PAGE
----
State of the art Report on the Progress of Nuclear Fuel Cycle Chemistry


State of the art Report on the Progress of Nuclear Fuel Cycle Chemistry
  • Author :
  • Publisher :
  • Release : 2018
  • ISBN : OCLC:1196140111
  • Language : En, Es, Fr & De
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The implementation of advanced nuclear systems requires that new technologies associated with the back end of the fuel cycle are developed. The separation of minor actinides from other fuel components is one of the advanced concepts being studied to help close the nuclear fuel cycle and to improve the long-term effects on the performance of geological repositories. Separating spent fuel elements and subsequently converting them through transmutation into short-lived nuclides should considerably reduce the longterm risks associated with nuclear power generation.

The Path to Sustainable Nuclear Energy Basic and Applied Research Opportunities for Advanced Fuel Cycles September 12 14 2005


The Path to Sustainable Nuclear Energy  Basic and Applied Research Opportunities for Advanced Fuel Cycles  September 12 14  2005
  • Author : C. Burns
  • Publisher :
  • Release : 2005
  • ISBN : OCLC:316308194
  • Language : En, Es, Fr & De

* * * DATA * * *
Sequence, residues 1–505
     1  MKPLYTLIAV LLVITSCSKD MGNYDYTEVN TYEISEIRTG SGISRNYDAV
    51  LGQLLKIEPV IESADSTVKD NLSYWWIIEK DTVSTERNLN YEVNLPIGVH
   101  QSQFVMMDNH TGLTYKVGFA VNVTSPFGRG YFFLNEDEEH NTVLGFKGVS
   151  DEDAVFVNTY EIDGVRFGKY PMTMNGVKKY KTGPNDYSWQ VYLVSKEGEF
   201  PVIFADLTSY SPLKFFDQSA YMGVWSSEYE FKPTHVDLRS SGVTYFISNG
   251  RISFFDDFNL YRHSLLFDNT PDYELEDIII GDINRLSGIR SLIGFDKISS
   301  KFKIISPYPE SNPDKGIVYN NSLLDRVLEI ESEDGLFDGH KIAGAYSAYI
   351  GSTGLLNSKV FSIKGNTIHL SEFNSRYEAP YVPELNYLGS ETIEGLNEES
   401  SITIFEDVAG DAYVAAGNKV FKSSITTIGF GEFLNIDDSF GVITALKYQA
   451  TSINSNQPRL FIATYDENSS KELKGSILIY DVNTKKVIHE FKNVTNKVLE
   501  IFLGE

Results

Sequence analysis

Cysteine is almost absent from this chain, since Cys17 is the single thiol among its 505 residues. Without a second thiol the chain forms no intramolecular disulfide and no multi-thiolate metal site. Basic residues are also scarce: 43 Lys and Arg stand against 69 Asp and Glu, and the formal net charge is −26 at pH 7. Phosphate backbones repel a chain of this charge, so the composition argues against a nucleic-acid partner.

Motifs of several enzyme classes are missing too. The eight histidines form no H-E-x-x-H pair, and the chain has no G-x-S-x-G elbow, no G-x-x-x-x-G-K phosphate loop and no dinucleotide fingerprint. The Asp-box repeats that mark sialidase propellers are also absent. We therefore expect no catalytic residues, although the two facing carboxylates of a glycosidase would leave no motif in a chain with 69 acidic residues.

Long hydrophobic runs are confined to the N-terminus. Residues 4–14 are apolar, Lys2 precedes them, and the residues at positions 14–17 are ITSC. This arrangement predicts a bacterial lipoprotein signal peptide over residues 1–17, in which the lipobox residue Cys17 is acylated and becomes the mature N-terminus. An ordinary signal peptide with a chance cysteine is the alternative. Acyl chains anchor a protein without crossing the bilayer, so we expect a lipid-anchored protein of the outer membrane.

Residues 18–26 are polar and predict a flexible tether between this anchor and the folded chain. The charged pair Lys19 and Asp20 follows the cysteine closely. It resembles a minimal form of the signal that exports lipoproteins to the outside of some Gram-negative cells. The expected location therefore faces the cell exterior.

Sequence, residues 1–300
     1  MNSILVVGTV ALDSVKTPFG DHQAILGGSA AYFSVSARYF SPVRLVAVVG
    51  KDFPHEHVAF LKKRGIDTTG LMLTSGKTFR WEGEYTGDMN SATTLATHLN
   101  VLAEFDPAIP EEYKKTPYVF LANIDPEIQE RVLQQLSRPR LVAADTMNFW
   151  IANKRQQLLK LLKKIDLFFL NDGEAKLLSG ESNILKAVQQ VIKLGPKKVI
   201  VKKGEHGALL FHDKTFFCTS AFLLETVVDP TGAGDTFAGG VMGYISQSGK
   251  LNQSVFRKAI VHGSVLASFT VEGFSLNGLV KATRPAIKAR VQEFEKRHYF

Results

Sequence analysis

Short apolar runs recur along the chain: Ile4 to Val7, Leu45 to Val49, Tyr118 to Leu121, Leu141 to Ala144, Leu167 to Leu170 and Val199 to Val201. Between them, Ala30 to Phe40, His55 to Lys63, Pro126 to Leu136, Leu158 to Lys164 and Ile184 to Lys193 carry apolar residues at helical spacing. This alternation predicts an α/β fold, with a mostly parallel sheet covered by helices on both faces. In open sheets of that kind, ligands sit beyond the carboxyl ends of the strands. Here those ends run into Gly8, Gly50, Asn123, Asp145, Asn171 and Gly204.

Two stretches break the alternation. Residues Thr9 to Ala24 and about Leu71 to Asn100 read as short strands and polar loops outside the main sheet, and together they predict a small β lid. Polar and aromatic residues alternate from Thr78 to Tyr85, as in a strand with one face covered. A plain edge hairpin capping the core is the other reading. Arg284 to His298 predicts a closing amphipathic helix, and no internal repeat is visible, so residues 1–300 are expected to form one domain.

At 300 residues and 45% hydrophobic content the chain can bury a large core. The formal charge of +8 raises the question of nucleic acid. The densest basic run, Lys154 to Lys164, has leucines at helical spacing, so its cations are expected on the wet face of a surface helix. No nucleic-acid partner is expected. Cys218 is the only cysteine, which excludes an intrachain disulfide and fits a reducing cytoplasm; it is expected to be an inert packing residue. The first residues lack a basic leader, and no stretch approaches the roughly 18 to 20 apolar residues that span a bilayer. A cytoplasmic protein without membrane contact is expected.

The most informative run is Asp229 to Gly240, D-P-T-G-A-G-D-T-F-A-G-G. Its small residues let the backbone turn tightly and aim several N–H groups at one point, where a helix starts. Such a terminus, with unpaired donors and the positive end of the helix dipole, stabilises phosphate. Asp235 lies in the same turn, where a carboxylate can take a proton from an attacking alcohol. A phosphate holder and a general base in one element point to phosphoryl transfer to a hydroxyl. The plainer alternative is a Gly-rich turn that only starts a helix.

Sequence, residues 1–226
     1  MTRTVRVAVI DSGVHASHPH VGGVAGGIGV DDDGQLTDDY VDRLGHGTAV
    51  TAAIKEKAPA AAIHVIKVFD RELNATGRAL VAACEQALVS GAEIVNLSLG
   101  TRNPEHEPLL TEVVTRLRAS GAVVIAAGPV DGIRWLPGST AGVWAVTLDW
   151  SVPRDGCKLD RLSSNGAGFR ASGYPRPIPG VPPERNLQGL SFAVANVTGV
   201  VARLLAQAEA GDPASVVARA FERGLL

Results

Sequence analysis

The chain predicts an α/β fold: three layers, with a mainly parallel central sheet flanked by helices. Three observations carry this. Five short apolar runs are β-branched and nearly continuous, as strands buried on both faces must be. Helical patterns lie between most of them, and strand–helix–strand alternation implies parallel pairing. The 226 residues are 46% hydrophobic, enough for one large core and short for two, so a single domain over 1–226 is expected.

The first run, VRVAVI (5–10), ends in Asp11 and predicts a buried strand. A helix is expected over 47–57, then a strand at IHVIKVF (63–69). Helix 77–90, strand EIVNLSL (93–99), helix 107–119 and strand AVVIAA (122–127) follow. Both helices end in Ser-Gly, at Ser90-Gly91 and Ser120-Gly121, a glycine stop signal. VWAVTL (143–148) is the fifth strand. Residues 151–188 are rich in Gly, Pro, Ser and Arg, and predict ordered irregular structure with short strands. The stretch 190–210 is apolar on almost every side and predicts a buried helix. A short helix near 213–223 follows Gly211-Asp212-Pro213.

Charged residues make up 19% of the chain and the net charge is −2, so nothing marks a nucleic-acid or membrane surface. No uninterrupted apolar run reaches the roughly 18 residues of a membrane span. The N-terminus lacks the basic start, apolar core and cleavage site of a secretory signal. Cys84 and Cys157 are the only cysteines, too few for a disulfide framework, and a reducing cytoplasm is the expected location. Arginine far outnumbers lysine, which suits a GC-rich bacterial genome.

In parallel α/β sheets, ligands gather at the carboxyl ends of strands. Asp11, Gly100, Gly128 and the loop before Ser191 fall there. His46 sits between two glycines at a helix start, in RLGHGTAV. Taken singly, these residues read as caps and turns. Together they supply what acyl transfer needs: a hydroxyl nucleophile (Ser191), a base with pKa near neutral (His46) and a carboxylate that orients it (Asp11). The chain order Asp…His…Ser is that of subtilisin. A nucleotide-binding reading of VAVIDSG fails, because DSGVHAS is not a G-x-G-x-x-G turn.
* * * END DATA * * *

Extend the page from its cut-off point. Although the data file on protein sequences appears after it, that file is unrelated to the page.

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The objective of this report is to identify new basic science that will be the foundation for advances in nuclear fuel-cycle technology in the near term, and for changing the nature of fuel cycles and of the nuclear energy industry in the long term. The goals are to enhance the development of nuclear energy, to maximize energy production in nuclear reactor parks, and to minimize radioactive wastes, other environmental impacts, and proliferation risks. The limitations of the once-through fuel cycle can be overcome by adopting a closed fuel cycle, in which the irradiated fuel is reprocessed and its components are separated into streams that are recycled into a reactor or disposed of in appropriate waste forms. The recycled fuel is irradiated in a reactor, where certain constituents are partially transmuted into heavier isotopes via neutron capture or into lighter isotopes via fission. Fast reactors are required to complete the transmutation of long-lived isotopes. Closed fuel cycles are encompassed by the Department of Energy?s Advanced Fuel Cycle Initiative (AFCI), to which basic scientific research can contribute. Two nuclear reactor system architectures can meet the AFCI objectives: a?single-tier? system or a?dual-tier? system. Both begin with light water reactors and incorporate fast reactors. The?dual-tier? systems transmute some plutonium and neptunium in light water reactors and all remaining transuranic elements (TRUs) in a closed-cycle fast reactor. Basic science initiatives are needed in two broad areas:? Near-term impacts that can enhance the development of either?single-tier? or?dual-tier? AFCI systems, primarily within the next 20 years, through basic research. Examples: Dissolution of spent fuel, separations of elements for TRU recycling and transmutation Design, synthesis, and testing of inert matrix nuclear fuels and non-oxide fuels Invention and development of accurate on-line monitoring systems for chemical and nuclear species in the nuclear fuel cycle Development of advanced tools for designing reactors with reduced margins and lower costs? Long-term nuclear reactor development requires basic science breakthroughs: Understanding of materials behavior under extreme environmental conditions Creation of new, efficient, environmentally benign chemical separations methods Modeling and simulation to improve nuclear reaction cross-section data, design new materials and separation system, and propagate uncertainties within the fuel cycle Improvement of proliferation resistance by strengthening safeguards technologies and decreasing the attractiveness of nuclear materials A series of translational tools is proposed to advance the AFCI objectives and to bring the basic science concepts and processes promptly into the technological sphere. These tools have the potential to revolutionize the approach to nuclear engineering R & D by replacing lengthy experimental campaigns with a rigorous approach based on modeling, key fundamental experiments, and advanced simulations.